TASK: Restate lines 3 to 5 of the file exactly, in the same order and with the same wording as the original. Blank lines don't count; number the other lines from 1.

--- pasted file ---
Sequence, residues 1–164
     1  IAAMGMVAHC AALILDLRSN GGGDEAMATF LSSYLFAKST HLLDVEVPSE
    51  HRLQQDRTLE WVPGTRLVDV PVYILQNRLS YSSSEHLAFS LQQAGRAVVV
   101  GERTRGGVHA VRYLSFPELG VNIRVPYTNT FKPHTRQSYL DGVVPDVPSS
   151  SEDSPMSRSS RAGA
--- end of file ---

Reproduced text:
    51  HRLQQDRTLE WVPGTRLVDV PVYILQNRLS YSSSEHLAFS LQQAGRAVVV
   101  GERTRGGVHA VRYLSFPELG VNIRVPYTNT FKPHTRQSYL DGVVPDVPSS
   151  SEDSPMSRSS RAGA